HPI assists Greater Manchester Police in stopping criminal gang
The successful police operation resulted in two arrests and recovered over £570,000 worth of stolen vehicles. The gang used ‘cloned’ identities to make stolen vehicles look legitimate before selling them via market places, such as Auto Trader. HPI reminds consumers that the HPI Check is the only service to include a guarantee against the risk of fraud, including cloning.
Car cloning is the vehicle equivalent of identity fraud – criminals steal a car and give it a new identity copied from a similar vehicle already on the road. GMP discovered that the gang would steal cars and clone them to make them look legitimate. The cars were given new number plates and the registration number was used to list the vehicles for sale. The gang also used stolen V5 documents, stolen road tax discs, fraudulent MOT certificates and receipts and dodgy vehicle history check documents. They also used the personal details of innocent people to help create a fake history for the vehicles, making the scam very hard to spot.
When car criminals are this sophisticated, it can be really difficult not to fall victim to their methods. However, HPI offers four simple, but highly effective rules consumers should apply when buying privately, which could radically reduce the risk of falling into the cloned car trap:
One… Always check the provenance/history of the car, and make sure you view it at the registered keepers address (as shown on the V5/logbook). Buyers should ensure all the VIN/chassis numbers on the vehicle match each other and then use the HPI Check to ensure they tally with the details as recorded with the DVLA.
Two… Know the car’s market value. If you are paying less than 70% of the market price for a vehicle, then be on your guard. No seller will want to lose money on their sale. In one case an HPI customer paid £11,000 cash for a vehicle HPI valued at £21,000. There is rarely such a thing as a bargain and in this case the car was later proven to be a clone.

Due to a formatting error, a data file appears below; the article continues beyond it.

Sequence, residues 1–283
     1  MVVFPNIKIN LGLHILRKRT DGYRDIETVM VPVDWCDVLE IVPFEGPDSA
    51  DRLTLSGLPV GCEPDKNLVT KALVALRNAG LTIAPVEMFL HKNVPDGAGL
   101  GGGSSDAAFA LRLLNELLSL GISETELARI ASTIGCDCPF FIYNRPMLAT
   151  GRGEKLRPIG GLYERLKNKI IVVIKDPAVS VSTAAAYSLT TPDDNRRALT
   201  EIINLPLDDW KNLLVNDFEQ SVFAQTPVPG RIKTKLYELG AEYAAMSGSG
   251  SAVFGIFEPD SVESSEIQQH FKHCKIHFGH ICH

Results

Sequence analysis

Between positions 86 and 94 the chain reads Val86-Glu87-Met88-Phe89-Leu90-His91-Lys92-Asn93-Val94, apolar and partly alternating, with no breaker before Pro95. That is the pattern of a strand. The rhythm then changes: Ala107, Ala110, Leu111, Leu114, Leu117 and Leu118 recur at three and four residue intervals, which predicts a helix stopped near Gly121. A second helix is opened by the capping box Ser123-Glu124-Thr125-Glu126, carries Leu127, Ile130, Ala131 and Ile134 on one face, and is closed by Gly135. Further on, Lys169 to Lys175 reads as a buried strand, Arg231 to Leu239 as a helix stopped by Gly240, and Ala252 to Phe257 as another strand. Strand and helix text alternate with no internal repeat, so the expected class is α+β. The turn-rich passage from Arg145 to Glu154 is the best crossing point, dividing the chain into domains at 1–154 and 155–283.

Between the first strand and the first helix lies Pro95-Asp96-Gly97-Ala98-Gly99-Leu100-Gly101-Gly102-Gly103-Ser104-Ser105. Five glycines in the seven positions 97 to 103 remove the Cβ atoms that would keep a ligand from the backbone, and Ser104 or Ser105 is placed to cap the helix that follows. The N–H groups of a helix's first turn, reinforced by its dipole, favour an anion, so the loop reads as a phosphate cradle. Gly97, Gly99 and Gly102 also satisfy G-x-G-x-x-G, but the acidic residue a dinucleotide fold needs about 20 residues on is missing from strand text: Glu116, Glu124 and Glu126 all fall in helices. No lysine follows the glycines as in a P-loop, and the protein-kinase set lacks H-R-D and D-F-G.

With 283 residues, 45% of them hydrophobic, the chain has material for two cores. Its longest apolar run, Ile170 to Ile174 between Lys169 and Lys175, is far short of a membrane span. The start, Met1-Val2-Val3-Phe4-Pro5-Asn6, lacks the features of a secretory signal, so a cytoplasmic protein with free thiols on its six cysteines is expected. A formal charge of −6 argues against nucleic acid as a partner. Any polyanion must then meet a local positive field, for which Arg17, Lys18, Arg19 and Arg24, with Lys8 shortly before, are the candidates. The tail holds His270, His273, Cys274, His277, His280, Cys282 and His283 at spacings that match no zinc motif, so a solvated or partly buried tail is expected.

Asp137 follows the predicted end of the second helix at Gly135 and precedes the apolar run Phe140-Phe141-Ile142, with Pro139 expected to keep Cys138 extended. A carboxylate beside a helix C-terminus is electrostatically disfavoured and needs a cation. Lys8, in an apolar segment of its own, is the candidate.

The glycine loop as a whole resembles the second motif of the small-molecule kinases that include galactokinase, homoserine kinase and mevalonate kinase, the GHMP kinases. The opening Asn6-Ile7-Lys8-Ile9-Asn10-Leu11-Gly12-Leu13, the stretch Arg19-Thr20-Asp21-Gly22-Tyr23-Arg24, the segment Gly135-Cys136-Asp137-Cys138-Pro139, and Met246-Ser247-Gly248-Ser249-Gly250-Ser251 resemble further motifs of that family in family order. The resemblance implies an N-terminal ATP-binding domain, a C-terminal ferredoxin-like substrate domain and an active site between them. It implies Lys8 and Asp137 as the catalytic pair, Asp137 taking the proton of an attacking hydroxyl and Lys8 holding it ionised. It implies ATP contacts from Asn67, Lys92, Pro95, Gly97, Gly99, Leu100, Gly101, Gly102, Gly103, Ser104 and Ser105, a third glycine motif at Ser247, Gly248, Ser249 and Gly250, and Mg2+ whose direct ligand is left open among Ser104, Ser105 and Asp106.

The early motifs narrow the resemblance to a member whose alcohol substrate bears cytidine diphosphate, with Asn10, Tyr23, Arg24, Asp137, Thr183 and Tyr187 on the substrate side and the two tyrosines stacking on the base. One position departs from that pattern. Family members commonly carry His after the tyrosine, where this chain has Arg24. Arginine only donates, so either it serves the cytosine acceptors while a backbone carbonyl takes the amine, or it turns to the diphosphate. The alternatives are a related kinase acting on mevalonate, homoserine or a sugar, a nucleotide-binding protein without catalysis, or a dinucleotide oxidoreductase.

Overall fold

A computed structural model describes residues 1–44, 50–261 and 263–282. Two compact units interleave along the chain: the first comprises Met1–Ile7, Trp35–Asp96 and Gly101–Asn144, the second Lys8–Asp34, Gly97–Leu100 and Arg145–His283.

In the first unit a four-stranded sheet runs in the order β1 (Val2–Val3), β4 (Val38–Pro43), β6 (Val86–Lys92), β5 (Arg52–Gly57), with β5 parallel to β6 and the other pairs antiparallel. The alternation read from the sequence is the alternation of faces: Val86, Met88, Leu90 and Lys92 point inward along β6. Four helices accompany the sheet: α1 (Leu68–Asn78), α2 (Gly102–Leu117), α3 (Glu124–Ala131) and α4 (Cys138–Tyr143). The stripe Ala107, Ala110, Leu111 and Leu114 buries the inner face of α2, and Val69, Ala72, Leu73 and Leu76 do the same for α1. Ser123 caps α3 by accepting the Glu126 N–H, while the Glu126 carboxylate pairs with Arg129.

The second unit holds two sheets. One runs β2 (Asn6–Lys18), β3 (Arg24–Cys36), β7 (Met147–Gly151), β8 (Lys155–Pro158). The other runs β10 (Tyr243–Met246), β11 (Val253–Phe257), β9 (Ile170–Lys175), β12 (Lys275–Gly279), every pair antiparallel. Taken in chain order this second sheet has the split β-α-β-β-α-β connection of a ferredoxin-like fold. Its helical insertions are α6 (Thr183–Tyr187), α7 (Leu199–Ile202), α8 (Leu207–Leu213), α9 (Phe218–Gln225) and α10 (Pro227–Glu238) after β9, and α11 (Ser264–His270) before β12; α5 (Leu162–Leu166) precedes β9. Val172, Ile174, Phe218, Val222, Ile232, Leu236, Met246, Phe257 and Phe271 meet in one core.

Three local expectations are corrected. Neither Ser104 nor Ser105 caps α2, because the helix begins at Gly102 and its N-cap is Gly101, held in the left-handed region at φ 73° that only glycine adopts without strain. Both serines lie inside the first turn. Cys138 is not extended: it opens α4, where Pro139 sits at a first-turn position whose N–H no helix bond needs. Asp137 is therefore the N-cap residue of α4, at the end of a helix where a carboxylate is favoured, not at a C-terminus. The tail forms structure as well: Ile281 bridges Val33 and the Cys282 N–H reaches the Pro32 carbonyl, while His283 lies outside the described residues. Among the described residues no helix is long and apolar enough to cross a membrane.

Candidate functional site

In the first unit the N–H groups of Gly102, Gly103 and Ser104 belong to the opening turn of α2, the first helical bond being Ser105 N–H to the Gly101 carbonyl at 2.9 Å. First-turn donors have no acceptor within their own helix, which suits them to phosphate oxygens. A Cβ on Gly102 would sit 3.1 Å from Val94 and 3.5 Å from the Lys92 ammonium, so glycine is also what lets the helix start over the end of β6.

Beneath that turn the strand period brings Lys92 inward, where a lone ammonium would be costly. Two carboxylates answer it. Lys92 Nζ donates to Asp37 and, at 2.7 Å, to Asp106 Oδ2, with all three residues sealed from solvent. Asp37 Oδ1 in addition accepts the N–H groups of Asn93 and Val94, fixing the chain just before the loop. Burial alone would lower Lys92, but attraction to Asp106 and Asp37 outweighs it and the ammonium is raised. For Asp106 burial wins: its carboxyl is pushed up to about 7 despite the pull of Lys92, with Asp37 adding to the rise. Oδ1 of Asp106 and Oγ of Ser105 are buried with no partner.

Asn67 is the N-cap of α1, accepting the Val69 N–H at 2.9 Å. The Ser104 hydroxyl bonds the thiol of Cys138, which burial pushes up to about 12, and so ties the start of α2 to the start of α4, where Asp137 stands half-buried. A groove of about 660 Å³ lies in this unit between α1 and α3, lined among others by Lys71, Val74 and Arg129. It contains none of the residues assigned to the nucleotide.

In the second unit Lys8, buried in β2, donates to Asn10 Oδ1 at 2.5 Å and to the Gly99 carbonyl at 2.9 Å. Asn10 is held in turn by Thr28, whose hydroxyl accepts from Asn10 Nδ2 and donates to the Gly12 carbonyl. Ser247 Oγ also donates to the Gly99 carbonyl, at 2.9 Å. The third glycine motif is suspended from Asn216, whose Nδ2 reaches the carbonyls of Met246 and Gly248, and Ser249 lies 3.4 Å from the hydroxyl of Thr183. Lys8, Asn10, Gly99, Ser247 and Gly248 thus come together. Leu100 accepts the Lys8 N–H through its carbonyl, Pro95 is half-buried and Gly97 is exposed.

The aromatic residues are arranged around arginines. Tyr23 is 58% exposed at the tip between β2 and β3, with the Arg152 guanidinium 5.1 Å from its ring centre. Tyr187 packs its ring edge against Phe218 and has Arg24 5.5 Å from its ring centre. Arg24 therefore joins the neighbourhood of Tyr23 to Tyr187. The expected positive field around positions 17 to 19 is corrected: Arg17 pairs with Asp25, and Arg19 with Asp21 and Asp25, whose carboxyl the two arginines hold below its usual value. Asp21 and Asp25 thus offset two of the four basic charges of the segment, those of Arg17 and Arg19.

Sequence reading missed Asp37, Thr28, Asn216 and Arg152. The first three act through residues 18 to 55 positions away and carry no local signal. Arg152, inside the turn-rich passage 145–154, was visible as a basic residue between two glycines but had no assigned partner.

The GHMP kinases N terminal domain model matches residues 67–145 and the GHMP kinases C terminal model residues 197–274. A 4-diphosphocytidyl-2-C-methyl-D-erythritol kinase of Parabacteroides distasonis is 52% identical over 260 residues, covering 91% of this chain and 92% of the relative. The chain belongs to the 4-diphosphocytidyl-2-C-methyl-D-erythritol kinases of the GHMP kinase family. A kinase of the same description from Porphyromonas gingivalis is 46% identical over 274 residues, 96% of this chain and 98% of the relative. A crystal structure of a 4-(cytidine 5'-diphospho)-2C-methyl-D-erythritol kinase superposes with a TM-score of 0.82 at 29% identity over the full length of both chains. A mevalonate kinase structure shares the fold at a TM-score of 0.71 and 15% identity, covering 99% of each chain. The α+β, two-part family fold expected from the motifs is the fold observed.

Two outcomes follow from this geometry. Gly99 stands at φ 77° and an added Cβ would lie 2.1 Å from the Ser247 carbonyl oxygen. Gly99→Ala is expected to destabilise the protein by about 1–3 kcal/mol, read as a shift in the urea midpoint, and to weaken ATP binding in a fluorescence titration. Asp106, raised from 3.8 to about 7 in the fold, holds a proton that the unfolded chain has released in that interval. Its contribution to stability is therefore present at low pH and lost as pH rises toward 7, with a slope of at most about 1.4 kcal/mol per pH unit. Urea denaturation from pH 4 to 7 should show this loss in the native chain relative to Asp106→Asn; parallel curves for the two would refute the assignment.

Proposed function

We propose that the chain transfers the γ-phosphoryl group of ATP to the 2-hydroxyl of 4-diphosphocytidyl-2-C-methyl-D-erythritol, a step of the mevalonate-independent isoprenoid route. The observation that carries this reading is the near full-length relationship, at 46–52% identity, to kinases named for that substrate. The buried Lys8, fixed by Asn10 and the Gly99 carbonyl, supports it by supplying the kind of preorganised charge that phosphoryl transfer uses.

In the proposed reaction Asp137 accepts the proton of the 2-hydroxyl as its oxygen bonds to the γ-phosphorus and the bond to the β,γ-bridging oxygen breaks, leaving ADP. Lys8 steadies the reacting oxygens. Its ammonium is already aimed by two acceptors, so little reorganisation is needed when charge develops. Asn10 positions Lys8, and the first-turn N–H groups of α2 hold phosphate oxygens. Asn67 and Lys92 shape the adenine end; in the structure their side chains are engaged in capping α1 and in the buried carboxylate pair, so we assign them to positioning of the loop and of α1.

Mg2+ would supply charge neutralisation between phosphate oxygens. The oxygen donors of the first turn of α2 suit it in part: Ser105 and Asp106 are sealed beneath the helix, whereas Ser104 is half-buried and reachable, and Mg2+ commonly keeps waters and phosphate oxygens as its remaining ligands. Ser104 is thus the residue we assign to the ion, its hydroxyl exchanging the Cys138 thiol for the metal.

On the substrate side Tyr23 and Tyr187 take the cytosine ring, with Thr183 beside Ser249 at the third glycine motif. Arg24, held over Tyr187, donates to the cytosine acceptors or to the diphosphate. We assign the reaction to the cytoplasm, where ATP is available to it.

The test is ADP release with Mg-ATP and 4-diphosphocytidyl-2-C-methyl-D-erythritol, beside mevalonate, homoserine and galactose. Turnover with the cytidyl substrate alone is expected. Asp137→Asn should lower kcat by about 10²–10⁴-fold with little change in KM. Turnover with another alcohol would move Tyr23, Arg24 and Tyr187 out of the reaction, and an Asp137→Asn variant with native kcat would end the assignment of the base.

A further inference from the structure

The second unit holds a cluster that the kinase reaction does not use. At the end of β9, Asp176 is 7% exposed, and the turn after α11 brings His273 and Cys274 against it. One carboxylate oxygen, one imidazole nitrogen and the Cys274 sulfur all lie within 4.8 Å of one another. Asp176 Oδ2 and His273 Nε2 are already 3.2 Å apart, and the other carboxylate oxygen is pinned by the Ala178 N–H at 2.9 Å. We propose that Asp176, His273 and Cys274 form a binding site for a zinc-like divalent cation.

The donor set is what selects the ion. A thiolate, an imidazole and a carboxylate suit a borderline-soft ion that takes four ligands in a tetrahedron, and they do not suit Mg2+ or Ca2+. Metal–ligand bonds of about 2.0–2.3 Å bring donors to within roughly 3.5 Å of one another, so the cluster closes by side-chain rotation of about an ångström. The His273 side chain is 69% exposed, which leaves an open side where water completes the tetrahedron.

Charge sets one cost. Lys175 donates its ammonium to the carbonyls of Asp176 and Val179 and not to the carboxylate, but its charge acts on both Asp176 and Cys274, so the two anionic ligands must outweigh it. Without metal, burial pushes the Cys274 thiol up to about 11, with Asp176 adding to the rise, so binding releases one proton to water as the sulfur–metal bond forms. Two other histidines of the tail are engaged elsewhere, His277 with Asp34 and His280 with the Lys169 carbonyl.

Three… Don’t pay with a substantial amount of cash, particularly if the car is costing you more than £3,000. Some cloners will take a bankers draft as part payment, because the cash part is sufficient profit without ever cashing the bankers draft. Most crooks selling cloned cars would rather walk away from a sale than take a payment that could be traced back to them. Despite strong advice to buyers to pay via the banking system, HPI still hears of many buyers who go on to pay in cash and subsequently find out that the car is a clone, and that they’ve lost both their money and the vehicle.
Four… Check the vehicle’s V5/logbook. Stolen V5 documents are still being used to accompany cloned vehicles, despite the new issue of the updated red and blue V5 document. As an added security measure, the HPI Check continues to include a unique stolen V5 document check as standard. This will confirm whether or not the document is one that the DVLA have recorded as stolen.
‘This gang was using every trick in the book to dupe innocent used car buyers, but HPI joined forces with Greater Manchester Police and a number of other industry names to catch the criminals red-handed,’ explained Kristian Welch, Consumer director for HPI.
‘This case highlights the risks consumers face. Many buyers don’t realise that if they buy a clone they stand to lose the car and their money, as a stolen vehicle will be returned to its rightful owner. But an HPI Check offers used car buyers the protection they need from fraudsters. We advise people to “check with HPI before they buy”, allowing them to walk away from a vehicle with a dodgy history. If any of our customers had fallen victim to this gang, but had completed all the checks we had asked them to do, we would have protected them with our clone guarantee,’ he added.